Sexual Communication in a relationship

12.01.2022 - yury

As we age, it does not mean that we suddenly lose interest in having sexual intercourse – the opposite is true. Research studies in recent years show that it is actually very common to remain sexually active throughout life. Society’s growing awareness and communication about these issues, the increase in life expectancy of both men and women, the redefinition of sexual health as part of general health and the development of drugs and medical devices to improve sexual function, have contributed to changing attitudes among older couples seeking more and more professional help.

Sexual intercourse is an important art of our physical and mental health. In a relationship, sexual activity allows for the creation of intimacy between a couple and closeness, an expression of feelings for one another and reduces the general level of stress and causes the partners to feel good about themselves. However, for many couples, with advancing age and as the body and sexual function undergo changes, worry ensues regarding how these changes will be accepted by a partner. Some feel great embarrassment, nervousness or fear to the point that they prefer to abstain from sex completely. But there is really no reason to give up on it, as the fears, problems and changes that accompany old age can be bridged through sexual communication and thereby bring closeness to the sex life.

So what is sexual communication? Different researchers in the sexual field have stated that it involves conversing about the subjects connected to sexual preferences and desires, values regarding sexuality, previous sexual experience and the individual approaches to sexuality. Good quality sexual communication will be expressed in the feeling of satisfaction due to a dialogue which brings closeness, and is also connected with the approach of sharing everything with a partner – both positive aspects and difficulties with sexual intercourse.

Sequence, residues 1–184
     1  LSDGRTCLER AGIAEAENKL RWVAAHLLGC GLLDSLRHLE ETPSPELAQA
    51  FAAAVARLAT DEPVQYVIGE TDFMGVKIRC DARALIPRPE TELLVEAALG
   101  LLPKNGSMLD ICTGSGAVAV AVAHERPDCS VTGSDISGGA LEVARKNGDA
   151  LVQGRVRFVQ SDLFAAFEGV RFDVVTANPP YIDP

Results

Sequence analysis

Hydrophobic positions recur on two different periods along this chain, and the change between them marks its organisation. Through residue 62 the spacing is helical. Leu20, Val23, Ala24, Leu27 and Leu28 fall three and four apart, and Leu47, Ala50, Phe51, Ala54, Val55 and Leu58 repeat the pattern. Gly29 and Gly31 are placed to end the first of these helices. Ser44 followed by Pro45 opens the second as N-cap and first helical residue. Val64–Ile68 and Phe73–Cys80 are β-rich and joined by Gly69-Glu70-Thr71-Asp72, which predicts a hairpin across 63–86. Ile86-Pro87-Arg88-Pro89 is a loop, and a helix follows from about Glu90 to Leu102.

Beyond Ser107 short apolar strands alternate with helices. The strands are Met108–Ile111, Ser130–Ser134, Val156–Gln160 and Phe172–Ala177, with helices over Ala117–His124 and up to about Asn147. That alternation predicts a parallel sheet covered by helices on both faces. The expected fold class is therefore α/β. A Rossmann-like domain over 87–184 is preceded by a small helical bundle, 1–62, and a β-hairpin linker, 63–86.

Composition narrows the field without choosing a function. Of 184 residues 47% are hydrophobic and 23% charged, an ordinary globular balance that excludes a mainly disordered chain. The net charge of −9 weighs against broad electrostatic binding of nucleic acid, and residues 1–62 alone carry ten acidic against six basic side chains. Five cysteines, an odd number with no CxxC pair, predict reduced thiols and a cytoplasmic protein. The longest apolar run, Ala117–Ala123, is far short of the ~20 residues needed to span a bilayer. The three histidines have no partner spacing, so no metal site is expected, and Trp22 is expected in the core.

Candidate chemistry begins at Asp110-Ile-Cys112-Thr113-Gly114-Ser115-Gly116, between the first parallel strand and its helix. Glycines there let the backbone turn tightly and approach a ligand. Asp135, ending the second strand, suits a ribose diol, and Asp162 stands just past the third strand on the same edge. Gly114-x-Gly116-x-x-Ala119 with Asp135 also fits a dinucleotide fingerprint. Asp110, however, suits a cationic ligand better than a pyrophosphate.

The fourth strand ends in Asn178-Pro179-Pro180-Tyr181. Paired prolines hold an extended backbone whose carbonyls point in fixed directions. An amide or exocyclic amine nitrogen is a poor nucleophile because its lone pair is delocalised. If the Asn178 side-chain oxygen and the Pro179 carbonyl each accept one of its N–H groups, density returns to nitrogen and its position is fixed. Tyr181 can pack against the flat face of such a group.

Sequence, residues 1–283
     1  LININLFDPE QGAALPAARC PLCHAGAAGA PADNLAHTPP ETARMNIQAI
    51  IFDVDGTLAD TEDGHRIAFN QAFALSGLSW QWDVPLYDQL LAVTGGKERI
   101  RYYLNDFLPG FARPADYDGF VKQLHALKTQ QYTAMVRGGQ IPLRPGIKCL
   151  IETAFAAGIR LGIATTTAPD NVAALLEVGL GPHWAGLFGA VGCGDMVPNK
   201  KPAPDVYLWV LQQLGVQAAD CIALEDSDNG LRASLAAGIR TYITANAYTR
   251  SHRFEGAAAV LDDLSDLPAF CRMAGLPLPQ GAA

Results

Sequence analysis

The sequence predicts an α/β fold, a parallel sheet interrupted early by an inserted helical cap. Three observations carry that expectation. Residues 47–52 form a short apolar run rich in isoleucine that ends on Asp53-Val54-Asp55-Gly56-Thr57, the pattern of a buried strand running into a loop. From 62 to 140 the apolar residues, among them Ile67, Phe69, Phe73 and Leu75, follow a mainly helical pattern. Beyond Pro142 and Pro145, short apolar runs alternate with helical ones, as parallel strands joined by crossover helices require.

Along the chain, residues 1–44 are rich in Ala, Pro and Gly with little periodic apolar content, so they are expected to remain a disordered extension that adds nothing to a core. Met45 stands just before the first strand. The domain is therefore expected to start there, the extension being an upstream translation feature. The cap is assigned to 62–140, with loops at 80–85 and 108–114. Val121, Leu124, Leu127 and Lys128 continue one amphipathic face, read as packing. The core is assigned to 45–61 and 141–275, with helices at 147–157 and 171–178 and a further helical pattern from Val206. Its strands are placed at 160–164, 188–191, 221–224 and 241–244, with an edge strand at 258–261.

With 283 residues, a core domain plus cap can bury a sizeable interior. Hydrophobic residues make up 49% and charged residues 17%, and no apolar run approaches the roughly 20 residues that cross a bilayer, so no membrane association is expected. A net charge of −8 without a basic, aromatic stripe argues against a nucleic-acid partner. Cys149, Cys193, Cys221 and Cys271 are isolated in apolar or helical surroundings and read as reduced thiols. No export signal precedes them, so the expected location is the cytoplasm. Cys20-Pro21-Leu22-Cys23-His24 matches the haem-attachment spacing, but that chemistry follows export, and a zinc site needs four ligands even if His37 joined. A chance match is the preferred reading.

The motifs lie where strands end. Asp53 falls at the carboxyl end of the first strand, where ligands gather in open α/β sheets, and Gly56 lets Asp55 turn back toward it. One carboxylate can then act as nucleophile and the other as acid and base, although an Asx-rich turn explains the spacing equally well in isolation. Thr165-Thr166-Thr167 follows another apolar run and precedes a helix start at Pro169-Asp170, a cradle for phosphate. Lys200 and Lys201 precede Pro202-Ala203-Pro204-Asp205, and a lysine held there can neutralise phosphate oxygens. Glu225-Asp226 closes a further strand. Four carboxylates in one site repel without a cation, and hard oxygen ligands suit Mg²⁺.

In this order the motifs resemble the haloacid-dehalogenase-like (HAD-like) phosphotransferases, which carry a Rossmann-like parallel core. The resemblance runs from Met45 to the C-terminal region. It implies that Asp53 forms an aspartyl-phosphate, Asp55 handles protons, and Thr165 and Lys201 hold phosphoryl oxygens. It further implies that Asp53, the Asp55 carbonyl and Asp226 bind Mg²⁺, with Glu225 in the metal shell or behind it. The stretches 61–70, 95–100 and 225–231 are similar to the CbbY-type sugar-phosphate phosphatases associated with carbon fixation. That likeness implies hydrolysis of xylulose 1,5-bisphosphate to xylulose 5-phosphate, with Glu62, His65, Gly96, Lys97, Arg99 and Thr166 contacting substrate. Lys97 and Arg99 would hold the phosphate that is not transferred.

In the aging population it is possible to use sexual communication that brings closeness in order to overcome the age-dependent problems of sexuality. Even if in the beginning there is a certain discomfort in openly and honestly sharing things connected with sexuality with your partner, it is important to practice this anyway, to share feelings, concerns, individual needs and expectations from a joint sexual experience, as well a the age-dependent problems you are experiencing. For example, when a woman reaches the age of 50 approximately, the levels of the female sex hormone estrogen deplete significantly, something that is likely to cause dryness and thinning of the vaginal tissue and be expressed with pain or discomfort during sexual intercourse. Additionally, there is likely to be a decrease in sexual desire and it is possible that it will take her longer to become sexually stimulated. Further, physical changes in the body and age-dependent weight-gain can affect confidence, including in the bedroom. In men, there is a decrease in testosterone, the male sex hormone, with advancing age, something that will be expressed in an increased length of time to get an erection, but also that that erection will not always be hard enough for penetration or that it will not always last long enough. In some men, delayed ejaculation may occur. Erectile dysfunction becomes more common with advancing age, though it does not necessarily happen to everyone.

Sexual communication between a couple is very important to the relationship and when both parties implement open and explicit sexual communication, it is possible to avoid many problems. Listen to the recommendations of Miriam Brenner, qualified sex therapist.

The Company hereby clarifies that the information contained on the website is for informational purposes only, and is not intended to be a substitute for professional medical and healthcare advice, and does not constitute medical advice or opinion. Always seek the advice of your physician or other qualified health provider with any medical condition or question you may have regarding a medical condition.

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